- Try using a tummy tub – When our eczema baby was small, we found that using a Tummy Tub rather than a conventional baby bath worked really well. We think it was because his whole body was in the water so he never really felt that slightly tickly, irritating feeling of water evaporating off wet skin. Also, because he was well supported by the sides of the tub it was easier for us to have a hand free to stop any scratching before it happened. His upright body position also meant that he could see what was going on around him and it didn’t take him long to figure out how to splash!
- Stopping the scratching – An eczema baby will make the most of any opportunity to scratch and bath-time offers just that opportunity. Having two adults to one eczema baby at bath-time can really help (so long as your bathroom is big enough that don’t end up tripping over each other!). We had one person in charge of our eczema baby’s hands and the other doing everything else! As your baby gets older, the distraction of bath toys can keep hands (and minds) from scratching. Our kids are entertained for ages by just holding their hands under the running tap! You can also use a set of ScratchSleeves to keep really determined hands covered up, especially if you have a set that have been all but grown out of as the water will tend to stretch the fabric.
- Gentle drying – We wrapped our eczema baby in a hooded towel and cuddled him dry. The towels with the hoods in the centre of the long side (rather than in the corner) are great for this as you can keep scratchy hands securely wrapped up. We’d pat dry any remaining damp patches. We’re recently discovered that super-absorbent micro-fibre travel towels are fantastic for drying the super sore bits behind our 5 year old’s knees. One gentle pat and they are completely dry.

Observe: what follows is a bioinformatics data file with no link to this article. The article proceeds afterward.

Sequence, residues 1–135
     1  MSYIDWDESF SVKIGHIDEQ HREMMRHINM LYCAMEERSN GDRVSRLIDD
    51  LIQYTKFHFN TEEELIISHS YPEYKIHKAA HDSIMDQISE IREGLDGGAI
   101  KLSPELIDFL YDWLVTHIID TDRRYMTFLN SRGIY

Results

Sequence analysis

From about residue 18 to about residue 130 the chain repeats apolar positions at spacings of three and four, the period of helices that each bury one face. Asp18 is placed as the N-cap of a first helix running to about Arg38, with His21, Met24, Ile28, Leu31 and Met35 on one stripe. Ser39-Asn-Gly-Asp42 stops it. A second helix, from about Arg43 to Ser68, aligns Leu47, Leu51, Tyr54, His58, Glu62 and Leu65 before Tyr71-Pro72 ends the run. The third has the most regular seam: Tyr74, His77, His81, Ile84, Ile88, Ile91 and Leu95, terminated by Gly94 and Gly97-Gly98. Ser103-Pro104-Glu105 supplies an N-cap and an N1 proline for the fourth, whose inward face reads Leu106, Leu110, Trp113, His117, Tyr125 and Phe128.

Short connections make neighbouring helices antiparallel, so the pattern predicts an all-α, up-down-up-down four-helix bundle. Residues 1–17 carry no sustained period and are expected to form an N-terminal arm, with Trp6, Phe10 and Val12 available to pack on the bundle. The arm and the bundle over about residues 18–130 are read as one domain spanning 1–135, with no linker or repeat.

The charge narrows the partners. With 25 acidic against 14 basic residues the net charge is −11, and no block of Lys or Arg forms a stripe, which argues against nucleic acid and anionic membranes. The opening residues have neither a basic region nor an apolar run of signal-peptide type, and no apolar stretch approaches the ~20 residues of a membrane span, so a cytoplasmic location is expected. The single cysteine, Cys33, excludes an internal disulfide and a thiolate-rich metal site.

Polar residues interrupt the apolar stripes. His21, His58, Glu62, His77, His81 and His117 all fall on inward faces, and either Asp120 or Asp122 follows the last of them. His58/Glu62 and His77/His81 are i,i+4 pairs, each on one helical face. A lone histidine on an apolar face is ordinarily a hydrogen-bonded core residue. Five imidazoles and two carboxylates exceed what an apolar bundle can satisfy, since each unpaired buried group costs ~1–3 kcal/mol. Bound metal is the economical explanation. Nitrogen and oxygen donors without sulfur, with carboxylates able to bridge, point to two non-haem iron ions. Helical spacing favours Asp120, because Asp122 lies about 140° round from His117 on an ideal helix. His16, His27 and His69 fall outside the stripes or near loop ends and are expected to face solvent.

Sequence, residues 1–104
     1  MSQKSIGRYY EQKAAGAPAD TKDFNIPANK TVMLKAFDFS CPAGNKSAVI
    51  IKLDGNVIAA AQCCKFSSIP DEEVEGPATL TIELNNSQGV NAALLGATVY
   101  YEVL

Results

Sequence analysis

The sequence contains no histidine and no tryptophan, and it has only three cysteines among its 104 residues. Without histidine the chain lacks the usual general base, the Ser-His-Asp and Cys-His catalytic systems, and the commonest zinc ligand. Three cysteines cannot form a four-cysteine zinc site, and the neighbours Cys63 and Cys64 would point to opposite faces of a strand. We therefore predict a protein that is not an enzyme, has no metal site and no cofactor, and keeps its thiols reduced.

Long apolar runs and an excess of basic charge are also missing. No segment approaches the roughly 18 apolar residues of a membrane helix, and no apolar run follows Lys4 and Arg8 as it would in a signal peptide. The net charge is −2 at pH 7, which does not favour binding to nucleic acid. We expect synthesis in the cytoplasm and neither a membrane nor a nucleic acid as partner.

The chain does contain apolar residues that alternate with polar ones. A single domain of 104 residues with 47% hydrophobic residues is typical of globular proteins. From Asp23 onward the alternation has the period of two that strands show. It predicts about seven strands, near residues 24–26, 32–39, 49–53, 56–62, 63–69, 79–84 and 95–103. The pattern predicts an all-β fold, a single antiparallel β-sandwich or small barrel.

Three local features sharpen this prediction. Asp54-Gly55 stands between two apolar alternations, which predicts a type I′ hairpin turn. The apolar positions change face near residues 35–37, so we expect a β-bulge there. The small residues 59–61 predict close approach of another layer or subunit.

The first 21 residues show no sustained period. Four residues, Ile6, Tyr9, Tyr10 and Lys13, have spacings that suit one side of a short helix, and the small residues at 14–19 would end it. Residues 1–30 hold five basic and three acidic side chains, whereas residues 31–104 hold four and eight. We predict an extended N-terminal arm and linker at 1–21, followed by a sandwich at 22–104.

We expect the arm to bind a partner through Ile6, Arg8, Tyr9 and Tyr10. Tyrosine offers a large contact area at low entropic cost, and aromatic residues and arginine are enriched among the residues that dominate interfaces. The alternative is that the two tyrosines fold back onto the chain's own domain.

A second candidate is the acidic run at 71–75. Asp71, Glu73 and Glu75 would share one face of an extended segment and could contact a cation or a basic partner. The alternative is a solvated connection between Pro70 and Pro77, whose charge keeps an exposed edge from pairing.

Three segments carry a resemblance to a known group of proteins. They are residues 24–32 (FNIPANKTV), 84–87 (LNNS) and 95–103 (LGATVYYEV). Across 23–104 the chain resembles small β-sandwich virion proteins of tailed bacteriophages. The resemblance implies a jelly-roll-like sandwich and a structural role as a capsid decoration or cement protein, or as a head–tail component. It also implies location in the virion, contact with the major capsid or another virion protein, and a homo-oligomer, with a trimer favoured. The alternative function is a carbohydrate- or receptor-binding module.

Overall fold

- Moisturise quickly and generously – stroke on your baby’s moisturiser or emollient as soon as they are dry and the skin has cooled, as this is when the skin has maximum levels of moisture. The emollients will lock in the moisture and replace any natural oils lost in the bath water before the eczema itch can set in.
- Rinse the tub thoroughly after cleaning – bathroom cleaners are strong degreasers and any residues can have a drying effect on baby eczema. Make sure that you rinse the bath tub thoroughly after cleaning. We play it safe by using skin friendly bathroom cleaners like Ecover or Method.
Click here for more articles on avoiding common triggers for baby eczema.
Bath products (especially those containing parbens, methylisothiazolinone or methylchloroisothiazolinone) are a major baby eczema trigger in our family, by avoiding them we can keep our kids’ eczema largely under control. What works for your family?
Here at ScratchSleeves we don’t just share our experiences of bringing up an eczema child (and favourite allergy friendly recipes), we also manufacture and sell our unique stay-on scratch mitts for itchy babies, toddlers and children. We now stock sizes from 0-8 years in a range of colours. Visit our main website for more information.